Adequate midwifery workforce could save 4.3m lives yearly
An estimated 4.3 million lives of mothers and newborns could be saved yearly if the world could adequately resource for midwifery workforce to aid childbirth, a World Health Organisation (WHO) report assessing the state of the world’s midwifery has stated.
Shortage of professional expertise in midwifery has seen the incidence of maternal and child mortality spiral as prioritisation remains among the list of healthcare needs.
800 in every 100, 000 mothers trying to give birth are estimated to have died in 2015, making approximately 58, 000 deaths.
Nigeria had less than 2 nurses and midwives per 1, 000 people as of 2018, according to the World Bank.
About 900, 000 midwives, marking a third of the required global midwifery workforce are needed across the globe to avert 67 percent of maternal deaths, 64 percent of newborn deaths, and 65 percent of stillbirths by 2035, according to the report.
Analysed data shows that Africa hosts 204, 500 professional midwives, the highest across WHO regions compared to 142, 300 in Western Pacific, 133, 500 in Europe, 68,200 in Southeast Asia, 61, 600 in Eastern Mediterranean and 40, 900 in Americas.
Data for 190 countries indicate a global nursing workforce of 27.1 million, with 80 percent working in the Americas, European and Western Pacific regions.
The density is 13 times higher in high-income countries than in low-income countries at 112.1 and 8.4 respectively per 10,000 population.
In terms of the availability of general practitioners, gynaecologists and paediatricians, 5.2 million are available globally, that is 6.9 per 10,000 population.
A majority of 70 percent work in the Western Pacific, Americas and Europe regions, with a density almost five times higher in high-income countries than in low-income countries where 10.5 and 2.3 professionals are available per 10,000 population.
The global health body lamented that despite raising alarm over the deadly toll of such deficit in its last report released in 2014, the pace of progress has been so slow that only a slight improvement would have been marked by 2030.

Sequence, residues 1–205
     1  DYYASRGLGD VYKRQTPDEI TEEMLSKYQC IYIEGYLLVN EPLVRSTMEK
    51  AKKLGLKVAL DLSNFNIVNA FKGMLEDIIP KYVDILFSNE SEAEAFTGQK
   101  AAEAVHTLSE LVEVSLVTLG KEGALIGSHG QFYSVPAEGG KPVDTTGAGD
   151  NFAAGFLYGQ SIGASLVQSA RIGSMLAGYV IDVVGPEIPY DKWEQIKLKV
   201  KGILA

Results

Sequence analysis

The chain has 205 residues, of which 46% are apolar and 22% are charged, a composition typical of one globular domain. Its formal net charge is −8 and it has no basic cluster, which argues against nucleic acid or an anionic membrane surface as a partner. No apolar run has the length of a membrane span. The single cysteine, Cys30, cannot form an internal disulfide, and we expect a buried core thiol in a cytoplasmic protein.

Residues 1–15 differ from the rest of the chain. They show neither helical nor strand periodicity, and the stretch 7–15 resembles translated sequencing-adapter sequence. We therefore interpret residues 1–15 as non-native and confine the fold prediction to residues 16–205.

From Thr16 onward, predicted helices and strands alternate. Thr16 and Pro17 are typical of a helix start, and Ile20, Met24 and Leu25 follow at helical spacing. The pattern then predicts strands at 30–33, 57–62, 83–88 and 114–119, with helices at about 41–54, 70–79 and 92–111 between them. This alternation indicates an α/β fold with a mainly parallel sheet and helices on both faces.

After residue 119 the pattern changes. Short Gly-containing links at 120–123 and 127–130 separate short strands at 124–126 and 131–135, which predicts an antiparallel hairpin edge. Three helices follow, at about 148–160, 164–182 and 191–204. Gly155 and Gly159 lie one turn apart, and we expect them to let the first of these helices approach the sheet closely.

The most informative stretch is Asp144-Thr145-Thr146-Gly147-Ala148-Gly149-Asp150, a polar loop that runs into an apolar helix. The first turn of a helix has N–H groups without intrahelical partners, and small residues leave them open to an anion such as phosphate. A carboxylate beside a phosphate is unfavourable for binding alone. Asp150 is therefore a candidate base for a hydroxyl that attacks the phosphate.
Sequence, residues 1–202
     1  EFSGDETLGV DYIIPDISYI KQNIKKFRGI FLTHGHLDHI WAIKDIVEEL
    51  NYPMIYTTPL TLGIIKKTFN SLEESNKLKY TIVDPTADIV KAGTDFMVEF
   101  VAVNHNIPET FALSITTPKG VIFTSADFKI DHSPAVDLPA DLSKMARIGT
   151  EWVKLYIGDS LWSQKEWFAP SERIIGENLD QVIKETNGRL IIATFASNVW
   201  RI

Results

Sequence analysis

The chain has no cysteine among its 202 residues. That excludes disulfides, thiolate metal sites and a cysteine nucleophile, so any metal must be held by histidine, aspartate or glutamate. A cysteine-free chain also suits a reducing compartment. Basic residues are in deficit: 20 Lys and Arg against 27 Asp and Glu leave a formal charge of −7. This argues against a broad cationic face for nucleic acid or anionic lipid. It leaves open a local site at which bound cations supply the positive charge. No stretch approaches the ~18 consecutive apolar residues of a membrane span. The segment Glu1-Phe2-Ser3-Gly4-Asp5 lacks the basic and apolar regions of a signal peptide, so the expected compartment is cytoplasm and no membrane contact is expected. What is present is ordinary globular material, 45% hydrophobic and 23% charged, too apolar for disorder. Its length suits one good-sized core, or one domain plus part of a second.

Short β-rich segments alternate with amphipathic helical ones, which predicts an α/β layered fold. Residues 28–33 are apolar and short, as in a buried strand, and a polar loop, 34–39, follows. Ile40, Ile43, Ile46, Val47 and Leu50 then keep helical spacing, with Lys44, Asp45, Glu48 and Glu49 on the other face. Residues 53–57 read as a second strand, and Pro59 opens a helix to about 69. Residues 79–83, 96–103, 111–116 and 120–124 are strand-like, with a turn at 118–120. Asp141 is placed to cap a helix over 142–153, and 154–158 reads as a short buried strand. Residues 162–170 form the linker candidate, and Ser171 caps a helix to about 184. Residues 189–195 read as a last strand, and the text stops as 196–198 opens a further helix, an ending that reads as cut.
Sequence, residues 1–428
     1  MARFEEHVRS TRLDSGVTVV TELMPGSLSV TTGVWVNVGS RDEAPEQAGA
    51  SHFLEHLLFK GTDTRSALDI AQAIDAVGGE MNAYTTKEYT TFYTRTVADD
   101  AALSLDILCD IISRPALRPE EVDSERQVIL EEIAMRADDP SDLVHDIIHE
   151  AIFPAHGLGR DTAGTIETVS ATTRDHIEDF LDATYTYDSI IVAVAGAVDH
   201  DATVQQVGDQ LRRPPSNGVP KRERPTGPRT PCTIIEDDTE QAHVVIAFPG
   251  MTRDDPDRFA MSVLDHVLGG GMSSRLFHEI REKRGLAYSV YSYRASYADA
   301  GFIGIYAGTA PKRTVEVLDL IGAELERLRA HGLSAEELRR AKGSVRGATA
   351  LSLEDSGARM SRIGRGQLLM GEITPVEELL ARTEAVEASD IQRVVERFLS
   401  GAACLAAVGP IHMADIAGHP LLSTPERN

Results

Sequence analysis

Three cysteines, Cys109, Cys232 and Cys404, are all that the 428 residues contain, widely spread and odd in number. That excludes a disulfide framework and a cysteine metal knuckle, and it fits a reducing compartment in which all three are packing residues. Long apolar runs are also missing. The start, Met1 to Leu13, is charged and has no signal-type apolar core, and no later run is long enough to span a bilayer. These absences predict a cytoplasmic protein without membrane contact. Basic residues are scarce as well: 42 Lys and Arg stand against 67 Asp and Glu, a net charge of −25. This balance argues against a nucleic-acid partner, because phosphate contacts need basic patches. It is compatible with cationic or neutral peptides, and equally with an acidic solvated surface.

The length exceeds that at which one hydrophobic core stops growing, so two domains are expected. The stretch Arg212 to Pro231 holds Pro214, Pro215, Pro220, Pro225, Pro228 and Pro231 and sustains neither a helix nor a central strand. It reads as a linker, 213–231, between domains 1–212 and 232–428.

It also noted that gender inequality plays a significant role in the under-resourcing of midwifery as sexual and reproductive health needs of women and girls still go largely unrecognized.
“Women account for 93 per cent of midwives and 89 percent of nurses. Midwives do not just attend births. They also provide antenatal and postnatal care and a range of sexual and reproductive health services, including family planning, detecting and treating sexually transmitted infections, and sexual and reproductive health services for adolescents, all while ensuring respectful care and upholding women’s rights,” WHO said in a statement released on Wednesday.
More investment is required in the aspects of education and training, midwife-led service delivery, and midwifery leadership for midwives to achieve their life-saving and life-changing potential, WHO advised noting that governments must prioritise funding and support for midwifery and take concrete steps to include midwives in determining health policies.
“We must learn the lessons the pandemic is teaching us, by implementing policies and making investments that deliver better support and protection for midwives and other health workers,” Tedros Adhanom Ghebreyesus, WHO director-general said.